Artificial limbs and prosthetics have come a long way from the 1963 CO2 gas-powered artificial arms exhibited at the Wellcome Trust in 2012.
In the 21st century, the Pentagon’s research division, Darpa, has been at the cutting edge of prosthetics development, in no small part due to the wars in Iraq and Afghanistan.
Darpa’s touch-sensitive artificial prosthetic, described in a statement on 30 May, interfaces directly with the wearer’s neural system and shows just how far we’ve come.
Unlike direct brain neural interfaces, the prosthetic connects with nerves in the patient’s limb, therefore requiring less serious and less risky surgery.
It doesn’t require any visual information to operate, allowing the wearer to control it without maintaining visual contact. This makes “blind” tasks, like rummaging through a bag, much easier.
A flat interface nerve electrode (Fine) provides direct sensory feedback to the patient. Fine is a way of hacking into the body’s nervous system by flattening a nerve. This exposes more of the nerve to electrical contact, making it easier to interface with it. Researchers at Case Western Reserve University, involved with the touch-sensitive prosthetic, previously used Fine to reactivate paralysed limbs.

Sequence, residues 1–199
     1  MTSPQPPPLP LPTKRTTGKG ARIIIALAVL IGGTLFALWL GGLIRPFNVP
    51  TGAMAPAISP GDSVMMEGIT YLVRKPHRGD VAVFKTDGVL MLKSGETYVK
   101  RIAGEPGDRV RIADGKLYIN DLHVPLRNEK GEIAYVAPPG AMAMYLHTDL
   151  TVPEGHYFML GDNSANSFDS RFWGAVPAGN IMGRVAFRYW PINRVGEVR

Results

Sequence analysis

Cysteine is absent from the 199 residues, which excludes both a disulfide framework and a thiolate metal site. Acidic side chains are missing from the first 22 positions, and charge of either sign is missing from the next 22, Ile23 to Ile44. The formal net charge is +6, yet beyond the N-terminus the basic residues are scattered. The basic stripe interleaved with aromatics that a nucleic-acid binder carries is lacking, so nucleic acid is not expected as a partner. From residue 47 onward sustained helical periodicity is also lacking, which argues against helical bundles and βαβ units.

In the video, the wearer of the prosthetic hand is able to identify which finger researchers at Case Western Reserve University are touching without looking.
Groups across the world are engaged in similar research, including a team at the École Polytechnique Fédérale de Lausanne in France which announced in February that it would be trialling a touch-sensitive prosthetic this year.
Startlingly natural prosthetic movement, including bouncing and catching a tennis ball with a fully artificial arm and hand, is also described in Darpa’s 30 May statement.
Using a type of neural connection called targeted muscle re-innervation (TMR), researchers at the Rehabilitation Institute of Chicago (RIC) were able to achieve simultaneous control of the shoulder, elbow and wrist.
TMR involves re-wiring nerves from amputated limbs so that existing muscles, like those in the shoulder, for example, can be used to control the prosthetic arm.
Last year, Zac Vawter climbed the 442m Willis Tower in Chicago with an artificial leg that used TMR. He was fundraising for the RIC.
This video shows former Army Staff Sgt Glen Lehman, injured in Iraq, demonstrating the full range of fluid motions enabled by the TMR prosthetic arm.